For six years now, Specialized has featured a mini front shock absorber known as the Future Shock above the head tube of its gravel bikes. The just-announced Diverge STR, however, also sports a new Rear Future Shock that provides 30 mm of rear suspension travel.
Putting it fairly simply … The Rear Future Shock consists of three parts – a hydraulic damper which is mounted horizontally inside the rear end of the top tube, a flexible frame post which extends up out of the frame’s seat tube, and an aluminum “tendon” that connects the damper to the frame post.
As the rear wheel goes over bumps in the road and pushes the rear end of the bike up/forward, the frame post responds by flexing backward, absorbing much of the impact energy – it’s only loosely connected to the seat stays via a rubber gasket, so it can move fore and aft relative to them. The damper ensures that the frame post doesn’t compress and rebound too easily, which would cause the saddle to wildly bob up and down.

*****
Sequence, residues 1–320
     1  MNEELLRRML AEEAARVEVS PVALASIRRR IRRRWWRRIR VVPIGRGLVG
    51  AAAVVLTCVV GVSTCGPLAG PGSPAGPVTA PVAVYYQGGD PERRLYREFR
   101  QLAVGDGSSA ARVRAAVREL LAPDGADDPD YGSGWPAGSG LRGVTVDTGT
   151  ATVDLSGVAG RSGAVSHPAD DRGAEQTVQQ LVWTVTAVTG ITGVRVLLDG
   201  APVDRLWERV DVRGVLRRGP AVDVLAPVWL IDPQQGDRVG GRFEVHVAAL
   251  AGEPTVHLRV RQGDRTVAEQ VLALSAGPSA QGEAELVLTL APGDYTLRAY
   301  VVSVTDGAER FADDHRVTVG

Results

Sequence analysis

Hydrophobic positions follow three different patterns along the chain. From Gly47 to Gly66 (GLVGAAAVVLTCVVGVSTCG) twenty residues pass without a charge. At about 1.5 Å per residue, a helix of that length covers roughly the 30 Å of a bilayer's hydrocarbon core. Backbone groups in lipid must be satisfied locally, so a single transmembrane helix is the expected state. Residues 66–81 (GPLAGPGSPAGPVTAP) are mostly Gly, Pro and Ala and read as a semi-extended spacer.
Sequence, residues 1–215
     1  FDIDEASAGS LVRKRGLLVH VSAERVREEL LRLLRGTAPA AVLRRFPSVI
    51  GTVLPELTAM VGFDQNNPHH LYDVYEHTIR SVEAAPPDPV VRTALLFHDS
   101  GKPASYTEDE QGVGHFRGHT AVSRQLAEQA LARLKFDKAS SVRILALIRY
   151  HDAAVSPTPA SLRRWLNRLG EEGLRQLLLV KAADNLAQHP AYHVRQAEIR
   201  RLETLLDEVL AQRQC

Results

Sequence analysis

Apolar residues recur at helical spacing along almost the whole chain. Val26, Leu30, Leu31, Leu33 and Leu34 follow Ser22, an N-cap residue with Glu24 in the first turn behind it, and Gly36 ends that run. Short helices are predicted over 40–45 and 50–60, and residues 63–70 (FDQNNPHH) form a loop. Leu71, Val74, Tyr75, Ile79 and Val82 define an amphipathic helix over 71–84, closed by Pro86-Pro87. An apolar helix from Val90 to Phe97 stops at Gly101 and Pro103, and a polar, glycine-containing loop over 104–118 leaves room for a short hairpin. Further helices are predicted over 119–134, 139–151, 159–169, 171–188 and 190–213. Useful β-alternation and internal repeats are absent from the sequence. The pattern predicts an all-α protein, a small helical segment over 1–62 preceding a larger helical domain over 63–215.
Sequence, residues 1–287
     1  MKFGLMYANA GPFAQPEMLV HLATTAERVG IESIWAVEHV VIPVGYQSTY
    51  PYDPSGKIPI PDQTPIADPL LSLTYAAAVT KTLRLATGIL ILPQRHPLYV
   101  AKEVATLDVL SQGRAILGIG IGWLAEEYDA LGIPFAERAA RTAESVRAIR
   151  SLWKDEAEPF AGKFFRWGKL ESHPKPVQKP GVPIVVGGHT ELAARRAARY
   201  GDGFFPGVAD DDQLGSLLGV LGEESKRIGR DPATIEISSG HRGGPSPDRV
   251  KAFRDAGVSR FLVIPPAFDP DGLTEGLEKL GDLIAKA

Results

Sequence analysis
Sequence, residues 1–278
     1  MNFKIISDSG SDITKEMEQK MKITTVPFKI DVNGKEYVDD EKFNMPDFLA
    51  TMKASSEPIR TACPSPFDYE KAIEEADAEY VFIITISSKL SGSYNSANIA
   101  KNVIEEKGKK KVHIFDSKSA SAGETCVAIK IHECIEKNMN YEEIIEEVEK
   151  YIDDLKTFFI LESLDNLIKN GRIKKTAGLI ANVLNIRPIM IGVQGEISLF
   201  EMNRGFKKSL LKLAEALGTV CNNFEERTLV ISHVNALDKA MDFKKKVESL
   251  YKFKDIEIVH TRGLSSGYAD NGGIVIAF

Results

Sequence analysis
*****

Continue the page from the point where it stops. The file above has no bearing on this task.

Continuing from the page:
Users can choose between two frame posts that ship with each bike, one being more flexible than the other. They can also choose between three compression settings via a lever on the damper, and adjust the rebound speed by inserting a hex key through a hole in the end of the top tube.
The system is claimed to work for riders weighing between 110 and 275 lb (50 and 125 kg). A front Future Shock is also still present, providing 20 mm of front travel.
Other features of the base Expert version of the Diverge STR include a full carbon fiber frame; a 1 x 12 SRAM NX Eagle drivetrain with SRAM Rival eTap AXS wireless shifting; SRAM Rival eTap AXS hydraulic disc brakes; plus Roval Terra C carbon-rim wheels clad in 700 x 42c Tracer Pro 2BR tires.
It tips the scales at a claimed 9.5 kg (21 lb) in a 56-cm frame size, and sells for US$7,500. The lighter, higher-spec’d Pro and S-Works versions are priced at $9,500 and $14,000, respectively.
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